It is a boast of ours that we are completely indifferent about the heat source that connects to our underfloor heating...well, when it is not one of our heat-pumps, that is. But apart from that if it produces hot water, you can connect it to one of our systems, however we do like to know what that heat source is before we start designing. If for example the heat source has a low flow temperature, we will design the system differently to a system that has a higher flow temperature. To date we can list conventional gas and oil boilers, electric boilers, ground and air source heat pumps, biomass boilers, hybrids and even AGA and Rayburn style range ovens among the appliances we connect with.
For our clients we can offer combined pump/blending valves (the most popular configuration for conventional heat sources), in-line blending valves and bare manifolds if the heat source has sufficient pump capacity. On this renewable energy project our client has fitted a Windhager pellet burning boiler, combined with an evacuated tube solar thermal roof mounted system.
Temperatures from this system therefore will potentially exceed what is regarded as the safe limit for floors, so it was necessary to incorporate a means of tempering the flow from the boiler. As the integral pump within the Windhager pellet boiler was powerful enough for the underfloor heating system, a three port blending valve was supplied. This takes water from the boiler into one port, another port takes water returning from the underfloor heating system (therefore cooler) and the resulting mix is fed to the underfloor circuits.
Quick drying screed
We were contracted to provide the underfloor heating and the screed over the pipes. The depth of screed is typically around 50-60mm. Traditionally a sand/cement screed will be laid to 65-75mm, this operation is quite labour intensive and the results we are sad to say, are only as good as the screeder doing the work. Among the advantages of flowing screed is the speed of application, 300m² to 500m² per day is easily achievable, an area that couldn’t be countenanced by manually applied methods. Access issues are overcome too, as we frequently find when confronted with difficult sites. With hoses extendable up to 100m there aren’t many places we can’t reach.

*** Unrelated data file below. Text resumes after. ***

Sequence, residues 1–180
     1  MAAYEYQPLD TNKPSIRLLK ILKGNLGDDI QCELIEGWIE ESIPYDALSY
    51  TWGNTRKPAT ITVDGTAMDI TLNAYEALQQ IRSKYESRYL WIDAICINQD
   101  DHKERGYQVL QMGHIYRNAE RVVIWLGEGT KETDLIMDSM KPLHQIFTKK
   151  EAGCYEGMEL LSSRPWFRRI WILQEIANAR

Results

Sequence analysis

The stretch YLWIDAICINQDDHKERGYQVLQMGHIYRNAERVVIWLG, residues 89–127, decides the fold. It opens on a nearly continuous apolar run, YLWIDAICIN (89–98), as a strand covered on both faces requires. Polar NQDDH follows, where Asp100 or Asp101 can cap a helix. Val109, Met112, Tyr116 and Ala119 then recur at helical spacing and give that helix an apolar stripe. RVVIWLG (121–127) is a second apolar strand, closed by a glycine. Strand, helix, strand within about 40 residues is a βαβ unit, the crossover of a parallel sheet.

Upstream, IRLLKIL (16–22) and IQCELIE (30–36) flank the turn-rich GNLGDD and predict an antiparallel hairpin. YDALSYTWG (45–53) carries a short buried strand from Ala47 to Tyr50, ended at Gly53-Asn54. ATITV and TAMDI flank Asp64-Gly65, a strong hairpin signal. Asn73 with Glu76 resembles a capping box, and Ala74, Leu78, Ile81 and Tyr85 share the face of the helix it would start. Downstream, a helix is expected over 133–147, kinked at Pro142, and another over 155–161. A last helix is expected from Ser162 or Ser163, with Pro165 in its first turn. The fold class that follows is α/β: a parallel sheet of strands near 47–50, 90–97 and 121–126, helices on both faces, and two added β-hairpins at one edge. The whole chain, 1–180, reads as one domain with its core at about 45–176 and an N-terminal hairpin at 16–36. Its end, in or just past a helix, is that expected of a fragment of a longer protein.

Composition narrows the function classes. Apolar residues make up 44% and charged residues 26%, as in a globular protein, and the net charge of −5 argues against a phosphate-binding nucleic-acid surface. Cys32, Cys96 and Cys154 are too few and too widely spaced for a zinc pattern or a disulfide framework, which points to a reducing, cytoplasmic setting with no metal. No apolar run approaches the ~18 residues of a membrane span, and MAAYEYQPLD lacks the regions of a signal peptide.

It was just before we started the project that we learned of a potential problem- the client was moving in within a very short timescale, the screed needed to be dried within an impossibly short time! Fortunately for all concerned, a high performance cement based screed has been developed, our project was among the first in Scotland to receive it. Its exact composition remains a trade secret for the moment, but you can expect to see more of this remarkable material in the future. The screed behaves exactly as we would expect a flowing product to do, but most remarkably it will be ready for tiling within half the time of any other comparable material. The product is batched at the concrete plant, ensuring strict quality control is maintained; further checks on the fluidity of the material are carried out on site prior to discharge.
It all comes together
The project was completed without hitch, the underfloor heating installation was carried out in a neat and tidy fashion (some might argue that out of sight is out of mind- but our fitters would disagree) and screed was timed for the day after the UFH was finished. As the site was in a mid terrace location there was little scope to lose surplus material, a site survey was carried out to confirm the quantities required. The screed team protected the immediate vicinity against concrete splashes, and there was minimal disturbance for the neighbours. We worked closely with the installers of the bio mass system and the electricians and plumber on the project, and the client was kept informed about progress at each stage.